Formulaic Expressions Project
Time: Friday, March 01, 2013, 01:30pm - 03:00pm
Place: Psychology 128 (conference room)
|C. Sophia Rammell|
Previous studies have suggested that formulaic expressions are stored as single, unanalyzed units, instead of as individual elements like literal sentences (e.g., VanLancker, Canter, Terbeek, 1981). To test this theory, we presented 140 sentences in random order to naïve listeners. Half of the sentences are idioms, and the other half are novel sentences matched for length and phonetic inventory. The first part of the experiment was a transcription task. All sentences in the first part were degraded using 8-channel Cochlear Implant simulated speech. In the second part of the experiment, subjects heard all 140 sentences, again in random order, in the clear. This time, subjects responded with how often they said the sentence on a 3-point scale. Pilot data from 22 undergraduates were analyzed. Pilot data suggest that subjects correctly identify formulaic expressions more often than novel expressions under degradation. Also, subjects identify expressions they report to use more often with higher accuracy than those they report to use less often. Future studies, including new ways of measuring familiarity and using the task with non-native speakers of English, will be discussed.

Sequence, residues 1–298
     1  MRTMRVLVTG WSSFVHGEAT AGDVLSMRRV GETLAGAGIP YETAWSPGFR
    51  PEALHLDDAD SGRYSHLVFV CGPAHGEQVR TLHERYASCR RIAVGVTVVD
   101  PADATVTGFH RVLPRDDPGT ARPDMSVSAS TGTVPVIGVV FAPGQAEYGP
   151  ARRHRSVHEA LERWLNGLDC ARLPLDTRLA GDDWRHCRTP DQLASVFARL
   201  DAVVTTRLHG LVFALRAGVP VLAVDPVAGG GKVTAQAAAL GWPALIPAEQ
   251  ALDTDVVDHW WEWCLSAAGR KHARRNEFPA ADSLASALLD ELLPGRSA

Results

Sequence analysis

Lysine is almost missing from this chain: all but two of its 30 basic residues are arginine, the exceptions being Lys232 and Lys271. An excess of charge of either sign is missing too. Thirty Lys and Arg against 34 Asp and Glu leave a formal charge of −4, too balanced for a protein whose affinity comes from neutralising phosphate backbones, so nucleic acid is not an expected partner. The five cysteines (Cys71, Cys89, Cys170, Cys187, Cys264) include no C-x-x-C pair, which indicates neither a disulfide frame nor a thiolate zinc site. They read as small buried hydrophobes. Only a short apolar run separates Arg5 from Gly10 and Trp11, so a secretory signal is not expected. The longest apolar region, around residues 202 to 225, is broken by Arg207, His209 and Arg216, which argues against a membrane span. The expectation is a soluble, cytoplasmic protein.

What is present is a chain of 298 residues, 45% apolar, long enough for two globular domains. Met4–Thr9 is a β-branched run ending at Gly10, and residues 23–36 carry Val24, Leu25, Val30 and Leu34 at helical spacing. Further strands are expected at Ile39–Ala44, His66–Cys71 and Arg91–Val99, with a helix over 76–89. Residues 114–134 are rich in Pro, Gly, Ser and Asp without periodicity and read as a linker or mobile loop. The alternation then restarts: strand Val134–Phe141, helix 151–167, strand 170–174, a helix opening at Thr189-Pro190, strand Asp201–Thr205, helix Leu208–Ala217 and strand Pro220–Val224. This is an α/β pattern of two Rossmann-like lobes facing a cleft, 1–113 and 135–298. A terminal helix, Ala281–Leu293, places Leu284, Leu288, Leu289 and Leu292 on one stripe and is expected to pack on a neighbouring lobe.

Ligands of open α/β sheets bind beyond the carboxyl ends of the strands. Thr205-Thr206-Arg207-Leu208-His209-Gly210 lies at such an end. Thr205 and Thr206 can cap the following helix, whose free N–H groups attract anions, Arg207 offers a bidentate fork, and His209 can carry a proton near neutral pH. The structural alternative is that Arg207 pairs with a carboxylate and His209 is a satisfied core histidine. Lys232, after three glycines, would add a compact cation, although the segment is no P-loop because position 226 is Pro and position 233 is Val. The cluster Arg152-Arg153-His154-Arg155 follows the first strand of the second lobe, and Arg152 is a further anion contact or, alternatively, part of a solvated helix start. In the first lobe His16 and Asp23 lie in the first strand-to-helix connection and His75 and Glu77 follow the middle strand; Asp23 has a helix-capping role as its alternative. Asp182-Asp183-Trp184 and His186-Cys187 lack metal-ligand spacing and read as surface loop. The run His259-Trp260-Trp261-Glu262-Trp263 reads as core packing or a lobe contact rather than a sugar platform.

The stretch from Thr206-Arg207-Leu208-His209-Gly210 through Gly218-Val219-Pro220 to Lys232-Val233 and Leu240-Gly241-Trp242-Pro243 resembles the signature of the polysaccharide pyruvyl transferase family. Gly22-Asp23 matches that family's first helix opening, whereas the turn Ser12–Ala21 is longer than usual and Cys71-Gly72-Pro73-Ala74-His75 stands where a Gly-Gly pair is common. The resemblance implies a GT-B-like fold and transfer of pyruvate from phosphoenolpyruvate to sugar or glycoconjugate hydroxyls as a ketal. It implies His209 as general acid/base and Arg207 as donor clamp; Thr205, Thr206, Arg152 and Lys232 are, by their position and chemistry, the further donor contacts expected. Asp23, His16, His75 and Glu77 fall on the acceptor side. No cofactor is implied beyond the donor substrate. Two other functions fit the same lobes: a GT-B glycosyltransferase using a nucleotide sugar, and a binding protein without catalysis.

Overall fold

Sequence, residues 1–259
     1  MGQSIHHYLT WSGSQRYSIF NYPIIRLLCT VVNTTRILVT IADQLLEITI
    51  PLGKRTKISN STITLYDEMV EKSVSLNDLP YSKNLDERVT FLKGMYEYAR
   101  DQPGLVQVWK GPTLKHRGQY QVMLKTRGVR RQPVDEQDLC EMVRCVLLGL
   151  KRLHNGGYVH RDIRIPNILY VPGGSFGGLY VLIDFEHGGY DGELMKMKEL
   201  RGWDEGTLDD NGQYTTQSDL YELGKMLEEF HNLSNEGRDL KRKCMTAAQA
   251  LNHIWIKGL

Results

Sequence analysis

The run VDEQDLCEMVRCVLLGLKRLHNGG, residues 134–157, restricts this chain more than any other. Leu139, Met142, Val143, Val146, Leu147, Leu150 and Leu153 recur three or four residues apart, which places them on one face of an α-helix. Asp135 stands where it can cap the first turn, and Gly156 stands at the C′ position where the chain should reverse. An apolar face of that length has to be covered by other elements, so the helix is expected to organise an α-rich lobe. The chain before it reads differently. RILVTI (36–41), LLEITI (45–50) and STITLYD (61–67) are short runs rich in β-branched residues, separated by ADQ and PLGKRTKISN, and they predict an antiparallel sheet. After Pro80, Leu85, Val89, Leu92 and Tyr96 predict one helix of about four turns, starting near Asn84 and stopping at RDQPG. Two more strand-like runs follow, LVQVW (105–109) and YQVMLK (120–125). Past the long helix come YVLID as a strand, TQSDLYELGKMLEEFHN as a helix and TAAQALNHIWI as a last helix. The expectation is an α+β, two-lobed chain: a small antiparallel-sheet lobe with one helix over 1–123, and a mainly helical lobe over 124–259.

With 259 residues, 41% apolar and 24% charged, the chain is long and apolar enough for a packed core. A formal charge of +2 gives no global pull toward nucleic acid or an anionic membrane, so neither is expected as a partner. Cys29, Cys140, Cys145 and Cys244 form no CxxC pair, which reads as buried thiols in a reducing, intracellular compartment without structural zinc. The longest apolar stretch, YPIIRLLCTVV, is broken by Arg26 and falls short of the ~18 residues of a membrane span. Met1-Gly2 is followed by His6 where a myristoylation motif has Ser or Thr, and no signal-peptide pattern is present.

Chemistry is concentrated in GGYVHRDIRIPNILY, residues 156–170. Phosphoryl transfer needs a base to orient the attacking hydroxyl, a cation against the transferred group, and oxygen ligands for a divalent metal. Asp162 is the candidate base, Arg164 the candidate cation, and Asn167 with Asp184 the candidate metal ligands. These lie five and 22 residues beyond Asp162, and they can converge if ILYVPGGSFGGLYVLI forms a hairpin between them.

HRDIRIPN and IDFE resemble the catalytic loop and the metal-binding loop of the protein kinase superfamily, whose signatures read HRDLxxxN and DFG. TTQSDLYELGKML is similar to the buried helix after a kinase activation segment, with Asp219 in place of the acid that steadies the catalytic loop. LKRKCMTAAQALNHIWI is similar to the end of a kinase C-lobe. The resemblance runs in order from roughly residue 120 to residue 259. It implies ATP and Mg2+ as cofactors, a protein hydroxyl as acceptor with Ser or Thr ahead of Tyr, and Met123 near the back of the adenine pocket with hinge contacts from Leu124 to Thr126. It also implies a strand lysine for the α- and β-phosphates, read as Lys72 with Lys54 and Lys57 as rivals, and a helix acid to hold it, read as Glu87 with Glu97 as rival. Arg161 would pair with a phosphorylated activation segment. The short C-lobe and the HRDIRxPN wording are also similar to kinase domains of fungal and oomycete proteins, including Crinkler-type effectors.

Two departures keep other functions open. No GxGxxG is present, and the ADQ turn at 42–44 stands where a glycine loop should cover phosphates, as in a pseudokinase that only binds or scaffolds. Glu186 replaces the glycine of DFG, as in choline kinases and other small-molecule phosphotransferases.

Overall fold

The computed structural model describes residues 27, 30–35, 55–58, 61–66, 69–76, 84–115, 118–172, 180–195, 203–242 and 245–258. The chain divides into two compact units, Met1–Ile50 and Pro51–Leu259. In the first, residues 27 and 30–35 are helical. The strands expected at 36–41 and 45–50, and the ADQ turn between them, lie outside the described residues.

|In category: Morphosyntax and semantics|
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